On Sunday morning, I met up with a mate who was sampling his first taste of Silverstone and Formula 1. He wasn’t doing it by halves, having arrived with his brother and father-in-law on Thursday afternoon to camp for the whole weekend in one of the official sites dotted around the circuit.

By Friday night they’d been close to packing up and going home. When my friend planned to soak up the full British Grand Prix experience, he hadn’t meant it literally. Like thousands over many years beforehand, he discovered how miserable Silverstone always is when it rains.

But by the time I caught up with him, the sun was out, the sight of F1 cars had blown him away and he was already talking about coming back next year. That’s Silverstone and the British GP in a nutshell: if the weather plays along there are few better places to be, and certainly no other F1 race has an atmosphere to match it.

But if the weather gods frown on the place, the self-styled ‘Home of British motor racing’ doesn’t have the capacity to cope. Just don’t go there!

This year, I spent GP Sunday in the Farm Curve grandstand with my son, partly through my own incompetence (I missed the deadline for my press pass application) but also through choice. With Nigel Roebuck and Simon Arron in the paddock, Motor Sport was more than adequately represented and frankly it was more fun to spend a day with my boy, watching his growing enthusiasm for the sport rather than timing screens in a windowless press room.

At this point, I’ll put my hand up and state clearly that I didn’t pay for our grandstand seats. But by sitting among people who had, this was an opportunity to gauge whether Silverstone has made any progress in its capacity to offer a world-class sporting experience. We’ve been critical in the past and not just when it’s rained – so what would I find?

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To add a different perspective, I couldn’t help but compare a recent experience at a contrasting large-scale sporting occasion: the international friendly between England and Ireland at Wembley last month, my first taste of the national stadium since the days of the twin towers.

I hadn’t been to a big football match for years and was struck by how corporate the sport had become, how the experience as a fan feels controlled and homogenised within the stadium. The atmosphere was totally contrived.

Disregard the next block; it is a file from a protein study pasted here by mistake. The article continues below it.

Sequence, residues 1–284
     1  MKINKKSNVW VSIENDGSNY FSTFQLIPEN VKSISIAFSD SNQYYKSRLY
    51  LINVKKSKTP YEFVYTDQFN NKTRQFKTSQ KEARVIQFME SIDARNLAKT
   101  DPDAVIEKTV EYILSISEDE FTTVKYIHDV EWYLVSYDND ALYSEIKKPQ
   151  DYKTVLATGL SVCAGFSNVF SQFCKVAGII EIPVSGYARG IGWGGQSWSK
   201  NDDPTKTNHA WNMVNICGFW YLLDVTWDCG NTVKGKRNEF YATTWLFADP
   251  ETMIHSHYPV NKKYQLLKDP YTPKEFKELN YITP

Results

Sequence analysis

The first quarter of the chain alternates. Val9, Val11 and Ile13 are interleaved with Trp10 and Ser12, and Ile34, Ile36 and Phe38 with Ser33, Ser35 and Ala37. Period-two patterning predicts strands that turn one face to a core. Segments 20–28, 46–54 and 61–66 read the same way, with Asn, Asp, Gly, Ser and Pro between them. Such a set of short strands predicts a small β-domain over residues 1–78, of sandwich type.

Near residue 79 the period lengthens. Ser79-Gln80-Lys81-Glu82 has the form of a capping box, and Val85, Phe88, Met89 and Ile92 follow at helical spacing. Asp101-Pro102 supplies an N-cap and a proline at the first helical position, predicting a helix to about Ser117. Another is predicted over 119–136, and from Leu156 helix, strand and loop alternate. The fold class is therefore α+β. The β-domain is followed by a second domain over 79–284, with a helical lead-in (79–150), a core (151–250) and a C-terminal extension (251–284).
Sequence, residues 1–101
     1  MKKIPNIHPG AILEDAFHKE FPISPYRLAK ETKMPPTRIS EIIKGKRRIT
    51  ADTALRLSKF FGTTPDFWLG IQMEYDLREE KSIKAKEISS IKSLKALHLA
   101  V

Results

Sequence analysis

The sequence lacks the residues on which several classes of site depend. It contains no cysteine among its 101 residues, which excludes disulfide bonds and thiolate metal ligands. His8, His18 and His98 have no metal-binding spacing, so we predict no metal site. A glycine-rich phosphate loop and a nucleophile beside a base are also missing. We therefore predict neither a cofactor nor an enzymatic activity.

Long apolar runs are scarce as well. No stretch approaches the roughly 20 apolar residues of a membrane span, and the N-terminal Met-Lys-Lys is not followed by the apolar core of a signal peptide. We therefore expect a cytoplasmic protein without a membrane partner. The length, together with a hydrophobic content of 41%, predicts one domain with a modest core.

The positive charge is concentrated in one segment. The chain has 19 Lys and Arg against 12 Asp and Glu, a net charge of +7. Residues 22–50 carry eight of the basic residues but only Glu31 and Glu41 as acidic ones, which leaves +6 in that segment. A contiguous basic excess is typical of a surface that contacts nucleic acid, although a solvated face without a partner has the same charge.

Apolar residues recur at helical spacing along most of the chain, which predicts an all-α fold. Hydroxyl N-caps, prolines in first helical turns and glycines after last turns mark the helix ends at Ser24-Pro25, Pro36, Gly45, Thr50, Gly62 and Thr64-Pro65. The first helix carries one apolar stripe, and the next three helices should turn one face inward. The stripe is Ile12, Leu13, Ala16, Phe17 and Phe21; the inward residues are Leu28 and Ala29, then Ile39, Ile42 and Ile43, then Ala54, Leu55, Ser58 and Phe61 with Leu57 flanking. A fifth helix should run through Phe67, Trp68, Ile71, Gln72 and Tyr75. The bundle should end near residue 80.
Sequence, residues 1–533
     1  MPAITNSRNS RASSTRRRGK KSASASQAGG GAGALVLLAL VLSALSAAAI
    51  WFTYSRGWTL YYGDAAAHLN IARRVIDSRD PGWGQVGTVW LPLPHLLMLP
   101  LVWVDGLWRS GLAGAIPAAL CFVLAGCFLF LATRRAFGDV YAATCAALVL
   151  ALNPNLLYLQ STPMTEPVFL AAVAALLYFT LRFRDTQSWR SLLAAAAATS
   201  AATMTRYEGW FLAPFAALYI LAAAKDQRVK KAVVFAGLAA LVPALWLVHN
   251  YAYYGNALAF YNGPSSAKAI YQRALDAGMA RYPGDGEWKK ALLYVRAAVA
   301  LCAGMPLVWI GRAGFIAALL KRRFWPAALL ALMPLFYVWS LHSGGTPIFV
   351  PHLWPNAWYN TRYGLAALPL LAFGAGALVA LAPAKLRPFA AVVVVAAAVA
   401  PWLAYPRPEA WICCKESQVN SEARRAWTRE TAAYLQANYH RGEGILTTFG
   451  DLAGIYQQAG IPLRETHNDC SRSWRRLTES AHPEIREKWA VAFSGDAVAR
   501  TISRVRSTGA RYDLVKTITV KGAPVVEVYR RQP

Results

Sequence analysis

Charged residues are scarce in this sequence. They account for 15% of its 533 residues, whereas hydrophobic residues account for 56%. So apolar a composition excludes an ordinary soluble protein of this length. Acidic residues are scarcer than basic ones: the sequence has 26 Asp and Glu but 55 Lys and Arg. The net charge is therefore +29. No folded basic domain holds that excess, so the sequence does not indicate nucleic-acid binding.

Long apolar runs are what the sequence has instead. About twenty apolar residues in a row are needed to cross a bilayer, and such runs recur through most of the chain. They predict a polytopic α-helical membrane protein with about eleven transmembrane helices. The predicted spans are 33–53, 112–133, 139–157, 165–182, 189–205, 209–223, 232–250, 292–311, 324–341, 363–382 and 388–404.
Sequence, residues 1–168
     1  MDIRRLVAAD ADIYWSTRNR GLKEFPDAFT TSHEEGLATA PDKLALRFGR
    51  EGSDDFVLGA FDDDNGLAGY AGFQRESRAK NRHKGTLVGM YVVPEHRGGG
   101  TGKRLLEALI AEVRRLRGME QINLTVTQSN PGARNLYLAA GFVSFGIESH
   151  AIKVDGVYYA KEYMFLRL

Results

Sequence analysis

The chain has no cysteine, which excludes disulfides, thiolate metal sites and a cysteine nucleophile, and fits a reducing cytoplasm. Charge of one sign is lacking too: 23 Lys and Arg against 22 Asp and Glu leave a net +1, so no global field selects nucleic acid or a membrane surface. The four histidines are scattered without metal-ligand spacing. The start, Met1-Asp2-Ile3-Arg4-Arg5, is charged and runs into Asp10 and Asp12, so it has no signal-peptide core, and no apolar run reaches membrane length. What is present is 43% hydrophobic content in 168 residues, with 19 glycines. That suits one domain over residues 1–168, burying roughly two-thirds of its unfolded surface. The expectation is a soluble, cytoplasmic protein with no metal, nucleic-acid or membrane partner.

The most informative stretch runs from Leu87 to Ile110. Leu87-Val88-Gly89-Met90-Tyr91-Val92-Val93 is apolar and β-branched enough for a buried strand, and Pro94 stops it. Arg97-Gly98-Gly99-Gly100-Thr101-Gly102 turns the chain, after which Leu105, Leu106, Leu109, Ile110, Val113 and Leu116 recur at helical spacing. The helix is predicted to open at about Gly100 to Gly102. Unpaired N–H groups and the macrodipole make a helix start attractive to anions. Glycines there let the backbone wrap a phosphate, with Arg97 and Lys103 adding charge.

Still, it was certainly family-friendly and well organised, and at the end of the night I was impressed at how they managed to shepherd 80,000 people on to tubes and trains, and out of car parks, with a minimum of fuss. As for the cost of food, drink and a programme, it was hardly cheap but I felt less ripped off than I’d anticipated.

Those who run Silverstone, including boss Richard Phillips, have professional backgrounds in stadia sports, and at the British GP it is beginning to show. It’s harder at Silverstone, on a site more than 800 acres in size, but year by year the ‘fan areas’ are more accommodating and pleasant. Then again, they should be given the price of admission. We know responsibility lies with Bernie Ecclestone and that Silverstone’s hand is forced, but the circuit has a clear responsibility to offer the best value for money if it must pass F1 running costs on to the public.

And here, yet again, Silverstone still falls short.

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Even in the areas where new buildings are not under construction, the place feels likes a building site. Behind the grandstand scaffolding, fans must still traipse across a mass of loose stone and shingle. As in previous years, I spotted wheelchair users and buggy-pushing parents struggling to make headway. And what is it with Silverstone and its lack of signage? I know where I’m going, but thousands don’t. If I’d never been before, I’d have struggled to find my way.

Navigating the access roads is also a problem that needs addressing, as fans on foot struggled to find a place to cross.

Still, at least members of staff were helpful and friendly. Each time I encountered a bibbed official I was met with a smile. Silverstone has clearly ordered a charm offensive, just as it should, especially after the debacle of last year’s sodden experience.

And the car parks? Again, the weather helped, but as usual there was rage and frustration as thousands of drivers aimed for single farm gates to escape. The attitude of many was a sad indictment of selfish human nature in these circumstances, but officials did their best to manage queues in systematic fashion, and again they did so with a smile. It helps, especially when you wait an hour or more to travel a few hundred yards.

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We all come away from British Grands Prix with our own personal stories. Mine was a happy one, largely because my son enjoyed the experience so much, and I saw signs of genuine progress in the organisation around this awkwardly shaped circuit.

But world-class? No, not yet. There is much to do before they can claim that.

So were you there? If so, how did you find it? We’d love to hear your GP experiences, both good and bad. You never know – someone at Silverstone might be reading.

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f1  British Grand Prix   epilogue